#### Razorhelm

##### Active Member

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https://www.audiomatica.com/wp/wp-c...Loudspeakers-at-low-Frequencies-with-CLIO.pdf

https://audioxpress.com/article/measuring-loudspeaker-low-frequency-response

I'm getting lost at this stage of the audio express article:

To determine the low-frequency response of the two-way example, only one measurement of pressure inside the enclosure is needed! Not only that, but because there is only one measurement, phase information is not required. The governing equation can be written as follows:

pR = kf2pB [7]

pR is the pressure at a distance outside the enclosure. pB is the pressure inside the enclosure. k is a constant. f is the frequency in hertz.

Equation 7 is not too useful in its present form. The squaring operation will lead to rather large numbers. This can be avoided by normalizing the equation to the starting frequency, f0. Furthermore, the result should be in decibels. So, first rewrite Equation 7 like this:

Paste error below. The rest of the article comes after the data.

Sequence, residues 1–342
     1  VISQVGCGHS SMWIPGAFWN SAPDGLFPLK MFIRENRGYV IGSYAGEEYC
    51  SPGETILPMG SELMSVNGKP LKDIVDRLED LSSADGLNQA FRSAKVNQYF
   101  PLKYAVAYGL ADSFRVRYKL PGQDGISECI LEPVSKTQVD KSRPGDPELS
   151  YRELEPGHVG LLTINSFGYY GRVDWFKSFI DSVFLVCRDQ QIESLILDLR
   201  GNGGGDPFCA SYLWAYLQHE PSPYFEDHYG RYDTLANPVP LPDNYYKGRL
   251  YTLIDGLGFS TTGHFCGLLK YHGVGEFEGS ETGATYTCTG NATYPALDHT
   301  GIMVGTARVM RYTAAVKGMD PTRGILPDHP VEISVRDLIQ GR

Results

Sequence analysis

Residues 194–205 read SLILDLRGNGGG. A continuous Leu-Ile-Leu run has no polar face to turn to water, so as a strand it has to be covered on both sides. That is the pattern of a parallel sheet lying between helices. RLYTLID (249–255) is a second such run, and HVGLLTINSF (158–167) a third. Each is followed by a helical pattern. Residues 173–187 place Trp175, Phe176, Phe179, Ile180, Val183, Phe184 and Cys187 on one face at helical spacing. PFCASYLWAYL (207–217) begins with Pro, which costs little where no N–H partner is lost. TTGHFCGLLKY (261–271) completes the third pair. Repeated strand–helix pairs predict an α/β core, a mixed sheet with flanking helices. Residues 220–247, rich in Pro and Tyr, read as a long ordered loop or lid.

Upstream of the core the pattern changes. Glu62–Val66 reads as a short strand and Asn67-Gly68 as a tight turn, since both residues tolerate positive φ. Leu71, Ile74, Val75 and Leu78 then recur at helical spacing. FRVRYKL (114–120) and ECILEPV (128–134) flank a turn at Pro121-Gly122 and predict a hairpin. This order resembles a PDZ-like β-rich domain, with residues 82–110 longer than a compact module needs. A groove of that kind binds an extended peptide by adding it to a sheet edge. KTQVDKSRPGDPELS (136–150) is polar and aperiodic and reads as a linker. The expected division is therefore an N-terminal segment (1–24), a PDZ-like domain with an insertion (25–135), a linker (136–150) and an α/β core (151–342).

pR = k (f / f0)2 pB [8]

k is now a different constant. Now, take the logarithm of both sides and multiply by 20 to convert Equation 8 into an equation in decibels:

20 log (pR) = 20 log (k) + 40 log (f/f0) + 20 log (pB)

or:

pR (dB) oc 40 log (f/f0) + pB (dB) [10]

The symbol “oc” (∝ can be read as “proportional to.” Recall that the logarithm of a squared quantity is just twice the logarithm of the quantity itself. Now, the large number squaring has been avoided.

I think the formula is not rendering correctly and i'm struggling to figure out what it was

I think the last line should be

pR (dB) "is proportional to" 40 log (f/f0) + pB (dB)

but I am not sure.

I think you then plot "40 log (f/f0) + pB (dB)" where pB(dB) is your measurement and this gives you your low frequency output curve.

Original referenced paper

https://www.renatogiussani.it/pdf/Simplified-Loudspeaker-Measurements-at-Low-Frequencies.pdf

my speaker is 3d printed so easy to add a measurement hole - and the driver is flipped so more tricky than usual to work out cone radiating area, thought this could be a better method for this design than the usual nearfield sum.